Tennessee took the nation’s No. 8 team to the wire on Saturday. However, the Vols couldn’t make enough plays to beat Alabama.
Certainly there are things to learn from the 19-14 loss. Here are the deserved grades for the Vols based on that performance:
The Vols gave up five sacks, including the play that caused a fumble and effectively ended the game. Offensive tackle Chance Hall was beat on that play. However, he and fellow freshman Jack Jones performed well for the most part in their first starts. Jones was a force in the running game at guard. Quarterback Joshua Dobbs deserves some of the blame for the sack total. He held onto the ball too long too often. Dobbs, who finished 13-of-22 for 171 yards passing, was also fortunate when he did throw the ball. He had a handful of possible interceptions dropped. Running back Alvin Kamara was a reliable threat, even if he didn’t break a long run. Running back Jalen Hurd is just a consistently strong performer. He averaged over five yards per carry against one of the best defenses in the country.
The Vols didn’t shut down Bama tailback Derrick Henry, but they held him in check somewhat. Henry had 143 yards on 28 carries. Not bad considering he was the workhorse throughout the game for the Tide. His longest run was only 20 yards. The Vols played behind the line of scrimmage. Eight players registered a tackle for a loss, including linebacker Jaylen Reeves-Maybin. He had 2.5 tackles for a loss, including a sack and led the Vols with 11 tackles. Junior defensive end Corey Vereen had as many sacks (2.5) against Alabama as he has had during his entire Tennessee career. Safety Brian Randolph is always solid. He was tied for second on the team with seven tackles and had an interception. Tennessee’s corners didn’t play well. Emmanuel Mosley and Justin Martin gave up big plays. Even star corner Cameron Sutton was beaten on a key third-and-long in the fourth quarter.
Special Teams D
Aaron Medley was the story on special teams – for all the wrong reasons. Medley missed three field goals and another when Bama coach Nick Saban called a timeout in order to “ice” the sophomore. In fairness to Medley, the kicks weren’t exactly chip shots. Two were from 51 yards and the other was from 43 yards. Still, he’s 9-of-17 this season, so there’s cause for concern. Bama’s deep kicks took returner Evan Berry out of the game. He had only one return. It was a good one in which he broke several tackles and gained 31 yards. Punter Trevor Daniel averaged 43.2 yards per punt and blasted a 53-yarder to flip the field. He was solid but it wasn’t his best day overall.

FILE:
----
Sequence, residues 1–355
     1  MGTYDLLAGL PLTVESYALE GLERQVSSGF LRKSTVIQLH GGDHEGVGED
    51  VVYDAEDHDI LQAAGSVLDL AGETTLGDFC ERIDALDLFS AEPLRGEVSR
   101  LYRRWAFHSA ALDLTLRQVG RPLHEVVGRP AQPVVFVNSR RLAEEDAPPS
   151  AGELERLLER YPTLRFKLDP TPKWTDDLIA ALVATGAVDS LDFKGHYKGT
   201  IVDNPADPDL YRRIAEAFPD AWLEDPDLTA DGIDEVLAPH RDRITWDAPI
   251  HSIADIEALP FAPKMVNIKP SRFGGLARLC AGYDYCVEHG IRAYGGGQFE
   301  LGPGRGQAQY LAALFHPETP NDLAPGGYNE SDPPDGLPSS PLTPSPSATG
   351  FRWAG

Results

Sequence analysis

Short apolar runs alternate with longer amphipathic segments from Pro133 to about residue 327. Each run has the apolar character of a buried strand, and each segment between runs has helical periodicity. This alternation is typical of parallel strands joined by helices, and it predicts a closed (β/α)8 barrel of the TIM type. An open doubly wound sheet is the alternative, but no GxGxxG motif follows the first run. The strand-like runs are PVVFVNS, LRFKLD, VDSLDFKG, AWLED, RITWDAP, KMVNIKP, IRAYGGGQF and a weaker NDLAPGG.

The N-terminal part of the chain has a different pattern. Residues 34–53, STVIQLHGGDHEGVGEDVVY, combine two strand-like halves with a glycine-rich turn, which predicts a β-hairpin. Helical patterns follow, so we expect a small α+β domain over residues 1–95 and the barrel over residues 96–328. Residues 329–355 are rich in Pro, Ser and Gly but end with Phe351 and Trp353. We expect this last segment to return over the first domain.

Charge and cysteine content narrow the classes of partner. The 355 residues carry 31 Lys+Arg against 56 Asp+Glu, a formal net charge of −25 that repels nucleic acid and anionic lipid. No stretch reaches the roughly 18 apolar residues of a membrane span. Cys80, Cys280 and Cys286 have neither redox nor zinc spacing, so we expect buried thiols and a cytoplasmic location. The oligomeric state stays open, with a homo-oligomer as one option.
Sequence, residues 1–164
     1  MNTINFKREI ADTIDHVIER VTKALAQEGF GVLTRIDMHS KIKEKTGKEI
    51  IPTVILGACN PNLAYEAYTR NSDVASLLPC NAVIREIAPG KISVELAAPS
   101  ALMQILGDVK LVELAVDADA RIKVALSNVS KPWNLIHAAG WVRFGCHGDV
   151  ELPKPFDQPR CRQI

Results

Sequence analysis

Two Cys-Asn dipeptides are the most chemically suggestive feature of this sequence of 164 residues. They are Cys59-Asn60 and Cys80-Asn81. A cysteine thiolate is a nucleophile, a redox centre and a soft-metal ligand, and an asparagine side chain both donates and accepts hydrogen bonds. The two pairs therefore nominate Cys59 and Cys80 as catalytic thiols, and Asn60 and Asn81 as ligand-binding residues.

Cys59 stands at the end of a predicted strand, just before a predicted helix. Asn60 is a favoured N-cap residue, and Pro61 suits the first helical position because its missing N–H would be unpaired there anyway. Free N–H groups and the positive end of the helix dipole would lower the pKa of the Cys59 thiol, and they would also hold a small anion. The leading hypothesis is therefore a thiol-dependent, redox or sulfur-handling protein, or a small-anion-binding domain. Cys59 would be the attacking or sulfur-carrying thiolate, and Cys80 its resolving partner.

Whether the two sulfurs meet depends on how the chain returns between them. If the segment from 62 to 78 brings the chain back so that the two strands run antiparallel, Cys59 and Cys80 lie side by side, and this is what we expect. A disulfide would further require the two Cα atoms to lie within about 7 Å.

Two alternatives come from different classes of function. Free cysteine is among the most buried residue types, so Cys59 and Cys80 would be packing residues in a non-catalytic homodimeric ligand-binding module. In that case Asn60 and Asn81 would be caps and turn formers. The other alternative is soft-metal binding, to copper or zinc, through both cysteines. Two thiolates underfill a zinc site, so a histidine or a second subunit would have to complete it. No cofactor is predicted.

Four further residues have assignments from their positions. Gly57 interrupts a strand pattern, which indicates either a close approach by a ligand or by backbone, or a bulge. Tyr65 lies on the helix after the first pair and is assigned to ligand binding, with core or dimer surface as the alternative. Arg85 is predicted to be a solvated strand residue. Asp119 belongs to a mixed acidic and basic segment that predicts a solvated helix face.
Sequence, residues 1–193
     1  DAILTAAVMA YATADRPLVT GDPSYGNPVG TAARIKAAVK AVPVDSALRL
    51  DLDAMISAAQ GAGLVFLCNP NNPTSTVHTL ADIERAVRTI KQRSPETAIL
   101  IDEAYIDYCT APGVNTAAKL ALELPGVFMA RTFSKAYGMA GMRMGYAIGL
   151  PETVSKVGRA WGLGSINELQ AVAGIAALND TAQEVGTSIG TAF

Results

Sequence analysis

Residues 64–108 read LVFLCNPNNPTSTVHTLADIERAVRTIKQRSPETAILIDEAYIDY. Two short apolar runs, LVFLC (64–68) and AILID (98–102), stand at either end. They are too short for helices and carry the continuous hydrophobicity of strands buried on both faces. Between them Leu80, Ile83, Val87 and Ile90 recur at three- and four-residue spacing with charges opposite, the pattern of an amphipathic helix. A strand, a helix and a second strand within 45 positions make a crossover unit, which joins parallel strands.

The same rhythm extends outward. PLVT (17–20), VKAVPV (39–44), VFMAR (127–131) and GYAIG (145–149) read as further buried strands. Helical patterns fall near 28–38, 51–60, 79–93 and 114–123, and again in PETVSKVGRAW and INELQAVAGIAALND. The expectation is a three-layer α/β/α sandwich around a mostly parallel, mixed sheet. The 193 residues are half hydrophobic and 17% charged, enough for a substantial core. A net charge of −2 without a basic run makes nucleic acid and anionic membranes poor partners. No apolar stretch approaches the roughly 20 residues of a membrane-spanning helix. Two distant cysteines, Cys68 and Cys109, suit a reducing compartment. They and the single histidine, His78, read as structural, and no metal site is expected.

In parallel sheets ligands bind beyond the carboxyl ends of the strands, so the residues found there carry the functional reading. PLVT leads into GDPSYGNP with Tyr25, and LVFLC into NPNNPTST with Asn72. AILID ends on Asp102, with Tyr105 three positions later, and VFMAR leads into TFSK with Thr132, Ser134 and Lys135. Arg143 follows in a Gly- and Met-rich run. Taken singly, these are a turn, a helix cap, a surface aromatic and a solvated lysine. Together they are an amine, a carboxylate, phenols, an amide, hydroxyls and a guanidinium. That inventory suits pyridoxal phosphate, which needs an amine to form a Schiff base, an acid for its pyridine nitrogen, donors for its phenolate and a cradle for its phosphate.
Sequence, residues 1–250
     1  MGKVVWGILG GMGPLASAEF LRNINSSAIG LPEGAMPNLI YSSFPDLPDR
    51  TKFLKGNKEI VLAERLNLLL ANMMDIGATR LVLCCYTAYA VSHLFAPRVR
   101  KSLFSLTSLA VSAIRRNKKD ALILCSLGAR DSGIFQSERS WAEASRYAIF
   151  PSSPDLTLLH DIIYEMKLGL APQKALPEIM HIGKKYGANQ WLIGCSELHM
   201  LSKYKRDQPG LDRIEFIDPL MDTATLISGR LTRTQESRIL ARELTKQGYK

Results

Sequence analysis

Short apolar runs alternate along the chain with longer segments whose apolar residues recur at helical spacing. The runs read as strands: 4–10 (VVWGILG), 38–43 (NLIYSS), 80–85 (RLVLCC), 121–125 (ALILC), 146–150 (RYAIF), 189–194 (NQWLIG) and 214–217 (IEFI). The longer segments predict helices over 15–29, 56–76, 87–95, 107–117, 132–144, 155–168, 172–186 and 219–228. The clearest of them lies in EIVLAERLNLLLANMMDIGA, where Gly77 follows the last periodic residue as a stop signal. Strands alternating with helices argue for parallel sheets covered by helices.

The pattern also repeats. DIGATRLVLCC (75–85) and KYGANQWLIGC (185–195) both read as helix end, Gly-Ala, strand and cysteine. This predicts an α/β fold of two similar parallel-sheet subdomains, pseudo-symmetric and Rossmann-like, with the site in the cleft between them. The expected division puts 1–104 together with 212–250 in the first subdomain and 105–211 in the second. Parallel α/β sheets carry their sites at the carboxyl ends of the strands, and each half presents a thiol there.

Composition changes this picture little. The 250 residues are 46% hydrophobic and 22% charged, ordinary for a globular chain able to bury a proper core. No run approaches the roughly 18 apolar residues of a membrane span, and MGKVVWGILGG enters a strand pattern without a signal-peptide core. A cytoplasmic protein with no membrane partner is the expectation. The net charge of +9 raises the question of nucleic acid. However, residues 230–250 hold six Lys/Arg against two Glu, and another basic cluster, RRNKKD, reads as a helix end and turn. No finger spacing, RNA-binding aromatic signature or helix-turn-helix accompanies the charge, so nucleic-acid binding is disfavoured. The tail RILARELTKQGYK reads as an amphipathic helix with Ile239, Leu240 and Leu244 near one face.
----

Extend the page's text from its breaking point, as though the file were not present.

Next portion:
In hindsight, Tennessee’s coaches could have done more to help Hall on the final drive. He was clearly outmatched against speedy pass rusher Ryan Anderson. Credit Butch Jones with his clock management in the fourth quarter. Timely timeouts gave his team enough time to try to counter Bama’s winning score. Tennessee’s defensive coaches did an admirable job of balancing their attack. At times, they’d mount up against the run. Yet they didn’t put their secondary on an island too often as they did against Georgia.
For the first time in a number of years, Tennessee didn’t look woefully overmatched against Alabama. That’s impressive, especially when two freshman offensive linemen were starting their first collegiate games. The Vols didn’t need gimmicks nor trick plays to hang with the Tide. That only raises the bar for the rest of the season. There’s no reason Tennessee can’t win out and finish 8-4 if it can continue Saturday’s performance in future weeks.